Every 60 seconds, two dozen people in America become victims of domestic violence. More than one in three women and one in four men will experience some type of domestic violence in their lifetime. Pinellas County residents are particularly at risk. Out of Florida’s 67 counties, Pinellas ranks fifth in the rate of domestic violence.
Shelly Wagers, an Assistant Professor of Criminology at USF St. Petersburg, wonders how we, as a community, can reduce rates of domestic violence, hold offenders accountable and keep victims safe?
This past fall semester, Wagers, who has worked in the field of domestic violence since 1994, took a closer look at local domestic violence. She spearheaded a series of research projects called Rethinking Domestic Violence Cases, which examined legal cases involving domestic violence incidents. In one project, students in Wagers’s Introduction to Courts Course conducted research by observing advisory hearings to collect data on what was happening in those hearings. In the other project, three students under Wagers’s direction collected public data to evaluate the filing rates in domestic violence cases in Pinellas County.
At the end of the semester, Wagers and her students presented their findings to the leadership of Community Action Stops Abuse (CASA), a local domestic violence shelter and advocacy group that works with victims of such violence in Pinellas County. Among the attendees at the presentation on Tuesday, December 10 were CASA CEO Lariana Forsythe, members of CASA’s board of directors and individuals from an advisory council.
“These projects provided students the opportunity to not only participate in conducting research but to see how research has real-world implications. Additionally, having the presentation gives students the opportunity to interact with professionals who are in leadership roles in our community.” Wagers said.
Heather Sherman, a senior forensic studies and justice major, was one of the students who conducted research. Using publicly available data, Sherman and her peers considered how 84 different variables—including demographic information and history of abuse—correlated with the state attorney’s filing rate of domestic violence cases.
“We tried to figure out what variables affect these filing decisions,” she said. “One thing we found was that if the victim chooses not to prosecute, the case is less likely to be filed. This tells us that the victim’s voice has an impact”
CASA CEO Lariana Forsythe echoed that finding. “Prosecution of these cases is very difficult when there’s not a ‘cooperative’ victim,” she said. “From our perspective, it’s about what we can do to make sure victims feel supported and knowledgeable about their case.”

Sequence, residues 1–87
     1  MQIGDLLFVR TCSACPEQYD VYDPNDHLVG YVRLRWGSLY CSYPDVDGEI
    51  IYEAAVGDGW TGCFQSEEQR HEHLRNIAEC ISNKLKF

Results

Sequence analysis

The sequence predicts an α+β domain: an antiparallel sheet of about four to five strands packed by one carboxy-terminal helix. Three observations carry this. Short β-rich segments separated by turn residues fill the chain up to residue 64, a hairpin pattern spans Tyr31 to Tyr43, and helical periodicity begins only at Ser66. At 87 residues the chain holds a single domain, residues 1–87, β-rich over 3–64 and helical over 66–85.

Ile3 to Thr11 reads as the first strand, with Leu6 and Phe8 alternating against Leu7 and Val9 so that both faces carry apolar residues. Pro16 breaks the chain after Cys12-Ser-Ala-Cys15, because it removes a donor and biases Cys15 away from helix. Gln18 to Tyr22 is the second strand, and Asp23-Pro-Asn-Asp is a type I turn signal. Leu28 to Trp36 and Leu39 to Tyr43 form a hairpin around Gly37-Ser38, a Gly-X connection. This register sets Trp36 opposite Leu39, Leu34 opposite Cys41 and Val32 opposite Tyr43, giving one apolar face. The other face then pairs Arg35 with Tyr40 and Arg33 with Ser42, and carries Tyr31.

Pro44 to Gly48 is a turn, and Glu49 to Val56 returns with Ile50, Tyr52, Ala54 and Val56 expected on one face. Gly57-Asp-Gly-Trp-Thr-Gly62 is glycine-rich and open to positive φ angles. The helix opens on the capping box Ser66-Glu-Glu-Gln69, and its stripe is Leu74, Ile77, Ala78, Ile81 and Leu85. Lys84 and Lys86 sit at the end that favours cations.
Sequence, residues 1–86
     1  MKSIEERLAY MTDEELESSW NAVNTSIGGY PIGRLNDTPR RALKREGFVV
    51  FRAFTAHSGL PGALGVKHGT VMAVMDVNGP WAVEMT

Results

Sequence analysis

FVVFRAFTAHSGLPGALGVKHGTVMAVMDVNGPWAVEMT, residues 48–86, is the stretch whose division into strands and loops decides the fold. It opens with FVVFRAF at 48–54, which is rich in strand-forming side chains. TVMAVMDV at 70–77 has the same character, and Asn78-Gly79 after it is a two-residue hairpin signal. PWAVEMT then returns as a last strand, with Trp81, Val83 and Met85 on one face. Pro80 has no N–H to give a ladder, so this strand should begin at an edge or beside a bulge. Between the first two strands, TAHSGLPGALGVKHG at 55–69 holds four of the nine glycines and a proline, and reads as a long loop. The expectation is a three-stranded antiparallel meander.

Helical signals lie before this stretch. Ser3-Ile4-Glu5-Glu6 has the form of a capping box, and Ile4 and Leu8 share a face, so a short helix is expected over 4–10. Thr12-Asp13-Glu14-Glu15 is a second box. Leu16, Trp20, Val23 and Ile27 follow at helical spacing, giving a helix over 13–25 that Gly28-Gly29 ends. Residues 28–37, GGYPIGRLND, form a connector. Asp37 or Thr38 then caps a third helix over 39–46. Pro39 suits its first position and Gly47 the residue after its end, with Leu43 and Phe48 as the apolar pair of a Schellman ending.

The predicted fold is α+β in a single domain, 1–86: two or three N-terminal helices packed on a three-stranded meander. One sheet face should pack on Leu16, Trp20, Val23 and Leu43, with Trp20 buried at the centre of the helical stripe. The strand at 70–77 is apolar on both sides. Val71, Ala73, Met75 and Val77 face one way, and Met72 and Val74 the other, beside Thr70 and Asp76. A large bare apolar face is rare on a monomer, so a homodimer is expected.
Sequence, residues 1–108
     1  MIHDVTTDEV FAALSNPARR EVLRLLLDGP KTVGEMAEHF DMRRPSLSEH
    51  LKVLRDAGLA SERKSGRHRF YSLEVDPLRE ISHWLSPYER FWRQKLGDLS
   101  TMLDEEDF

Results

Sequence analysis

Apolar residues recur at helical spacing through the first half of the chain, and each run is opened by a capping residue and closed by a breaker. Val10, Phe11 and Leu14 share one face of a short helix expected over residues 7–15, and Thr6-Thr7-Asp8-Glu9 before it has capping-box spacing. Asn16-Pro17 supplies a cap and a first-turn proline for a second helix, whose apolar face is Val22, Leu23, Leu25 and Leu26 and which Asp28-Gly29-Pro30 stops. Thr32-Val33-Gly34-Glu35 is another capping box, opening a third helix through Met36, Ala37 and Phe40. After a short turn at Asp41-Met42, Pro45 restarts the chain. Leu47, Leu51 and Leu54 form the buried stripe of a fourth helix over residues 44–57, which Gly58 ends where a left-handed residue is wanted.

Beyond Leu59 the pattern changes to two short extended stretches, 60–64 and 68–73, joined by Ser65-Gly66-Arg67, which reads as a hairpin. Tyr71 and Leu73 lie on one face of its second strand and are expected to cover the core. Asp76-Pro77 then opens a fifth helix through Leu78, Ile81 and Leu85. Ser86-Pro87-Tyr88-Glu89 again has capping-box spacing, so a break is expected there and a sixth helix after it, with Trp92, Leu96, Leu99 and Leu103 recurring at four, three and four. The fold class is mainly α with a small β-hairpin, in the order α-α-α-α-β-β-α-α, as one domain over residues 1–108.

Forsythe was impressed by how well Wagers’s students were able to navigate the complicated topic of domestic violence court cases.
“Domestic violence cases are very complex and often times victims fear facing their abusers in court and are overwhelmed by the criminal justice system. These students really understood the complexity of these kinds of cases” she said. “At CASA, we prioritize victim safety and have dedicated advocates ready to help victims navigate criminal cases.”
USFSP and CASA have previously teamed up on domestic violence research. Earlier this year, researchers from the Kate Tiedemann College of Business published a study in partnership with CASA that helped quantify the economic impact of rape, physical assault, stalking and other acts of domestic violence on individuals, families and the community. The study found that the cost of domestic violence in Pinellas County is $132 million a year, or roughly $21,000 per victim.
“The costs aren’t just to the victims of domestic violence and their children, but they are also borne by society,” said Economics Instructor Rebecca Harris, who was a researcher on the study. “We end up paying for law enforcement who are protecting victims and for court costs of judges and bailiffs involved in these cases. Also, the employer pays the cost of finding new employees or filling shifts and rearranging schedules for those who miss work.”
For Sherman, the forensic studies and justice major, the directed research taught her just how labyrinthian the court system can be and motivated her to help victims.
“The most important thing I’ve learned from this project is that the legal system is incredibly hard to navigate,” she said. “It’s intimidating and with something as delicate as domestic violence, victims need assistance.”
To that end, Sherman said this experience is making her consider law school or victims advocacy work to assist those in need.
Similar research projects will continue in the future with Wagers at the helm. She plans to work with students and CASA, studying and implementing evidence-based practices to support domestic violence victims in the court system.
“This was just the first step in a long-term partnership,” she said.